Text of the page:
The German housing market has been a historically stable one. However, the last four years have seen an upward trend in prices. Housing prices in Germany are becoming unaffordable and the main contributor is the shortage of availability.
Housing supply is not keeping pace with demand. In 2017, dwelling building permits dropped by 7.3%, but increased slightly during the first 8 months of 2018 by 1.9%.
Official statistics show that the average German household spends one-third of their monthly income on rental or bond repayment, energy and maintenance, whole those living alone have to fork out 40% of their income.
The German price index rose by 4.89% in 2018 for already existing home prices and apartments having a bigger increase than new home prices. According to Savills, during the first half of 2018, €8.8bn worth of residential properties exchanged hands, an increase of 19%, compared with the corresponding period of the following year.
The German housing market was not affected by the global financial crisis that caused the slump in 2008-2009. The growing demand has been spurred on by extremely low interest rates and bond yields, despite the fact that most loans are on long-term interest rates, which are higher than fluctuating rates.
Angela Merkel, Germany’s Chancellor, has reaffirmed the government’s commitment to adding 1.5 million housing units during the current legislative period. The plan is to offer tax incentives to investors, who will be able to write- off 5% of the acquisition and construction costs of the development. This will be accompanied by annual write-offs of 2% which will only be applicable if the apartment is let for 10 years. This funding will not apply to luxury or vacation apartments and will only be available to investors building for less than €3,000 per m2. Started in 2018 the program will run until the end of 2021. The German Haus & Grund homeowners association, the largest in the country, has argued that this amount is too low, because of the demanding building codes and rising wages.
Germany’s growth continues to outpace that of other European countries, currently at 1.9% and it has improved its public finances, ending 2017 with a budget surplus of 1.2% according to the IMF.
With an aging population its work force is shrinking, but immigration is encouraged and measures, which include also day-care centers, are an incentive for women to join the workforce.
Germany’s big cities have low rental yields as prices of apartments continue to rise rapidly.
Munich is the most expensive city with selling prices of ranging from € 6,000 to € 10,000 per m2. Berlin and Frankfurt are becoming increasingly expensive too with a price range of €3,000 to €6,000 per m2.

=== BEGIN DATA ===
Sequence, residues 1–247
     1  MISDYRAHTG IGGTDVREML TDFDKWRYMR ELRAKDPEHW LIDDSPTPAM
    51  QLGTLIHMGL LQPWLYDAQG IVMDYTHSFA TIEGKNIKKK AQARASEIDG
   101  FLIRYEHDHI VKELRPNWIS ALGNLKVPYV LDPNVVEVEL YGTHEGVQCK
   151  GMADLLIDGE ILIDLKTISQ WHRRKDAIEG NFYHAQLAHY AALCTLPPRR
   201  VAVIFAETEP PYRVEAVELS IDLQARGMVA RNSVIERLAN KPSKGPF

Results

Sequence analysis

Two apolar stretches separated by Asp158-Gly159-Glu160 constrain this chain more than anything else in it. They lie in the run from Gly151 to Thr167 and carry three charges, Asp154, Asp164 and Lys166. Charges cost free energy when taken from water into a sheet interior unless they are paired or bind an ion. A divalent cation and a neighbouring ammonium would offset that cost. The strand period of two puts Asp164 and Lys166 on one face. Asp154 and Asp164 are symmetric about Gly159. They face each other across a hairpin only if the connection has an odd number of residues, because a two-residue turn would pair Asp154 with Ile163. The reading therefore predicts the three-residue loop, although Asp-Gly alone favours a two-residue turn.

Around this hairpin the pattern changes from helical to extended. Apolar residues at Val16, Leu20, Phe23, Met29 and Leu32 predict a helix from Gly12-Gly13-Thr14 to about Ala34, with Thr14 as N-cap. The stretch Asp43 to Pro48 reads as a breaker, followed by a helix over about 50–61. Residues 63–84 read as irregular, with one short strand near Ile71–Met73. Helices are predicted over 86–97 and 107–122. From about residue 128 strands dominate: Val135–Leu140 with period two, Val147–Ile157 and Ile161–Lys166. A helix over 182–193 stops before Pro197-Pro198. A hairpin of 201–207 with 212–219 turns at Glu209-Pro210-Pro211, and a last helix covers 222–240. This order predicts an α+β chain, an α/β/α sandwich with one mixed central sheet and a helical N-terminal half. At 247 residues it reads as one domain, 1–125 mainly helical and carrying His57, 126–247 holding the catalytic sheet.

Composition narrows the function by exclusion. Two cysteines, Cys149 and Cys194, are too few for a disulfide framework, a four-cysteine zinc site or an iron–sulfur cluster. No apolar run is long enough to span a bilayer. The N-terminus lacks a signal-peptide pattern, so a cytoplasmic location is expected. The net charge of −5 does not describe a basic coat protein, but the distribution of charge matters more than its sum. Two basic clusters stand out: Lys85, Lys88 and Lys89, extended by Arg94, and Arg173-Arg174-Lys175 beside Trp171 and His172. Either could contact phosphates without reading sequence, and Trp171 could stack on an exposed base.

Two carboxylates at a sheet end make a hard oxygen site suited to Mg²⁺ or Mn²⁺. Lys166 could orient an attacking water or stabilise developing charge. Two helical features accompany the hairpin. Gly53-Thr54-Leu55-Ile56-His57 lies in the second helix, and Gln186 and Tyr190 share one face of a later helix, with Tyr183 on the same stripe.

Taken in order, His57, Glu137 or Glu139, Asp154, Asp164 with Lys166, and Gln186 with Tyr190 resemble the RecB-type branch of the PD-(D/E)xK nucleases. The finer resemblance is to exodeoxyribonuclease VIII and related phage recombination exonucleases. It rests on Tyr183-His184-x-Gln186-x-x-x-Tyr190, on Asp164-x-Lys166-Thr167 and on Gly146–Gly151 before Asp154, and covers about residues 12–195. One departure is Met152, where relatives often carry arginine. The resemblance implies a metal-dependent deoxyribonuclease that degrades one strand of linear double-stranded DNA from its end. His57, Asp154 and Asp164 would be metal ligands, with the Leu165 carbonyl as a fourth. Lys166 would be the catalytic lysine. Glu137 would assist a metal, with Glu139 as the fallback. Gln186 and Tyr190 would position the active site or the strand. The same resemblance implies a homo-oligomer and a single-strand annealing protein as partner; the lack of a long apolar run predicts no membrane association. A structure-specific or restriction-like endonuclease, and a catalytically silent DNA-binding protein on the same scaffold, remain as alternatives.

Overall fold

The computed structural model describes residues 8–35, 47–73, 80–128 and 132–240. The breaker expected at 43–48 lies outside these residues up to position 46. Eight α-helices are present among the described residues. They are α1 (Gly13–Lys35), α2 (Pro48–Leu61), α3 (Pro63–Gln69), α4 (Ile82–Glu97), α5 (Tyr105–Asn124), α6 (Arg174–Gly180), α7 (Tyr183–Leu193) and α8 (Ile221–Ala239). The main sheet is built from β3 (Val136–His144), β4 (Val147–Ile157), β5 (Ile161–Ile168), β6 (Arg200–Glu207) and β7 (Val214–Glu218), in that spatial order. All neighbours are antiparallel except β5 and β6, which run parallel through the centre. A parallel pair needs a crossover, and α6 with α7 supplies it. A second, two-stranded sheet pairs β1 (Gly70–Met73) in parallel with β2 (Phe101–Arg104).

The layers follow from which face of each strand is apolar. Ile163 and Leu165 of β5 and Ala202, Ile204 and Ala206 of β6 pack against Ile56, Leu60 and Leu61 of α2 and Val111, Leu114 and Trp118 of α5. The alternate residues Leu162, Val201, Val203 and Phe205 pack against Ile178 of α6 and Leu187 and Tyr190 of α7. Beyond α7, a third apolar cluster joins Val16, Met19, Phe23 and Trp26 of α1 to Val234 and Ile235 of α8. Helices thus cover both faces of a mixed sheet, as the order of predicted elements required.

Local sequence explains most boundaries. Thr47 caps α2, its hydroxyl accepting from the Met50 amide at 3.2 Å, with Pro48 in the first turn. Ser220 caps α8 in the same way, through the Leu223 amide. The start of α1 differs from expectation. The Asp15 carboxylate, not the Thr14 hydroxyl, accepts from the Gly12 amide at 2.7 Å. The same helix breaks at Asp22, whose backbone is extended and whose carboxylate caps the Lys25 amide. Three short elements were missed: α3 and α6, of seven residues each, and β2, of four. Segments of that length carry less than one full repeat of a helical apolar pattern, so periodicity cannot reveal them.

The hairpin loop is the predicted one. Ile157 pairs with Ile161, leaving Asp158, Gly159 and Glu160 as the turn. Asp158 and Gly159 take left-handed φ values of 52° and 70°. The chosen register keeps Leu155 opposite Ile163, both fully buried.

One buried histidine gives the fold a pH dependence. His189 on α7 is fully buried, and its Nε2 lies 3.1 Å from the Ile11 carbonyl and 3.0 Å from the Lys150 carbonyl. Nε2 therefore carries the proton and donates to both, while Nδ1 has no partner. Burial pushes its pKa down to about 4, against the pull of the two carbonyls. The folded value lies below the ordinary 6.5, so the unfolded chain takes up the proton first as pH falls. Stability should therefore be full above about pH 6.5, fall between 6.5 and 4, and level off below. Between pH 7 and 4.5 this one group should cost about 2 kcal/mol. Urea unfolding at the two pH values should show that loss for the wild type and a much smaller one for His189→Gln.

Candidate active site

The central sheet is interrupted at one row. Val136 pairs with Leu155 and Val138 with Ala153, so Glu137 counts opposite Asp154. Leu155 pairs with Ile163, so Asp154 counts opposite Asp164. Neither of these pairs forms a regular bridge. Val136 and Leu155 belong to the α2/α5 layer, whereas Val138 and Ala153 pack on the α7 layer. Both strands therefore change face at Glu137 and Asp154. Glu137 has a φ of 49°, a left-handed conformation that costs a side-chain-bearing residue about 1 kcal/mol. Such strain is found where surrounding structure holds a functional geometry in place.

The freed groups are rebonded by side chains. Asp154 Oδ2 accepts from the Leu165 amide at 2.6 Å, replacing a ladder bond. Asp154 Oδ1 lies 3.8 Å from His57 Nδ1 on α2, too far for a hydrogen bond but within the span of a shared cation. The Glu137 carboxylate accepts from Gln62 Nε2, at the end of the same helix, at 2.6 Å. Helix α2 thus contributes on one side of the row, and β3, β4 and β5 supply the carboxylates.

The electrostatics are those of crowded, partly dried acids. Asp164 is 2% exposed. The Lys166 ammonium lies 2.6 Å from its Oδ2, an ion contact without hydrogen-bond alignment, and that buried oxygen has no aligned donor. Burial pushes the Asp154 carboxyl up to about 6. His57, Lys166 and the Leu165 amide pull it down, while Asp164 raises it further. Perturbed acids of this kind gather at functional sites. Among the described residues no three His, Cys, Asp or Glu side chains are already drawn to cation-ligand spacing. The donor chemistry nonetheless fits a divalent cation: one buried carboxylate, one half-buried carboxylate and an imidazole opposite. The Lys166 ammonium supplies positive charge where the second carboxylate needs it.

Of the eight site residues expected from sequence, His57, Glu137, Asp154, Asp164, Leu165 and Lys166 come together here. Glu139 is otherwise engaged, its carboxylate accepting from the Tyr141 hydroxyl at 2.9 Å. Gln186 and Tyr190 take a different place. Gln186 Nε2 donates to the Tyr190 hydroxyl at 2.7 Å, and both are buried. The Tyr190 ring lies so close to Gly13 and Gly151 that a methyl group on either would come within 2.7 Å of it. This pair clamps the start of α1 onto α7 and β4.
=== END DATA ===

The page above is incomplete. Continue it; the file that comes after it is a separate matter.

Yields are relatively low in all three cities, where an apartment of 120 m2 will yield 3.5% in Munich and Berlin and 3.7% in Frankfurt. The rental for an average 120m2 apartment in Munich will be €2,250, €1,500 in Berlin and € 1,700 in Frankfurt.
Since there is an acute shortage of affordable apartments throughout Germany, anyone investing in lower end areas will have no difficulty in letting out the property.
The law in Germany is pro-tenant, with unlimited contracts been standard, giving the tenant security of tenure. If the termination of the lease would lead to hardship for the tenant and his family, they can object and seek continuation through legal channels.
Rents can be freely negotiated, but can be appealed if deemed exorbitant by the tenant. Increases are controlled and cannot exceed 20% in nominal terms over three years.
Taxes and costs
Germany has a high rental income tax with progressive rates of up to 45%. Capital gains tax does not apply to properties that have been held for more than ten years.
Inheritances are taxed at progressive rates that range from 7% to 30% for spouses and children.
Residents and non-residents are all taxed according to the same system, but there are some exceptions to filing options (joint returns is one).
Transaction costs when purchasing a house vary from 9.02% to 16.35%, making them moderate to expensive. Real estate transfer tax of between 3.5% and 6.5% will be levied depending on the state where the property is situated. Real estate agent fees are negotiable from3% to 6% and VAT of 19% is applicable.
Official statistics, from Eurostat, show that unemployment levels continue to be low in Germany; at 3.4% they are lowest in the entire euro zone, which has an average of 6.7%. Inflation is currently at 1.7%, unchanged from last year.
Germany’s economy will continue to expand, despite global trade tension as the country has a strong domestic demand.
Housing shortages will have to be addressed as a growing number of people move to German cities, from within the country and from abroad. Strong population and employment growth are driving the demand. Germany is opening its doors to skilled workers from outside the EU to curb labor shortages. Germany is often chosen by highly educated and skilled individuals from other countries of the EU who seek employment opportunities.
The current real estate cycle started in 2009, the demand is pushing prices up significantly and prices of apartments in some cities have doubled. Despite the increases, Germany’s central bank, Deutsche Bundesbank, insist that this is not a property bubble and that one is highly unlikely, even in the event of unexpected increases in interest rates.